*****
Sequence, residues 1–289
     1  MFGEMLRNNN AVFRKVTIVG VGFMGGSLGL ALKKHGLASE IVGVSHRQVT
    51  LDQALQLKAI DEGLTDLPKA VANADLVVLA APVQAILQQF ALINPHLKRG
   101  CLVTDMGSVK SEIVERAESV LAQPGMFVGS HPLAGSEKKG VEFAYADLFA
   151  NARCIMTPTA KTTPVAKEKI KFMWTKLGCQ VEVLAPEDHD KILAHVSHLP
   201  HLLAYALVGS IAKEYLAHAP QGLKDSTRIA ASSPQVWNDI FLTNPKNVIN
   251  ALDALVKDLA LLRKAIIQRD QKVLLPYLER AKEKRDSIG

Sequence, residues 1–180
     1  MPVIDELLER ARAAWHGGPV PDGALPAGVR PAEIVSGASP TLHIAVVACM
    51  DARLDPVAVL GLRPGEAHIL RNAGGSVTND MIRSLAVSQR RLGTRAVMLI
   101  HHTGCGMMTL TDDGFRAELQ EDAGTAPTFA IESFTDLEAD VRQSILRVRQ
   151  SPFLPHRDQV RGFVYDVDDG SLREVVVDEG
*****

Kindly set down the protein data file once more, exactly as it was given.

Sequence, residues 1–289
     1  MFGEMLRNNN AVFRKVTIVG VGFMGGSLGL ALKKHGLASE IVGVSHRQVT
    51  LDQALQLKAI DEGLTDLPKA VANADLVVLA APVQAILQQF ALINPHLKRG
   101  CLVTDMGSVK SEIVERAESV LAQPGMFVGS HPLAGSEKKG VEFAYADLFA
   151  NARCIMTPTA KTTPVAKEKI KFMWTKLGCQ VEVLAPEDHD KILAHVSHLP
   201  HLLAYALVGS IAKEYLAHAP QGLKDSTRIA ASSPQVWNDI FLTNPKNVIN
   251  ALDALVKDLA LLRKAIIQRD QKVLLPYLER AKEKRDSIG

Sequence, residues 1–180
     1  MPVIDELLER ARAAWHGGPV PDGALPAGVR PAEIVSGASP TLHIAVVACM
    51  DARLDPVAVL GLRPGEAHIL RNAGGSVTND MIRSLAVSQR RLGTRAVMLI
   101  HHTGCGMMTL TDDGFRAELQ EDAGTAPTFA IESFTDLEAD VRQSILRVRQ
   151  SPFLPHRDQV RGFVYDVDDG SLREVVVDEG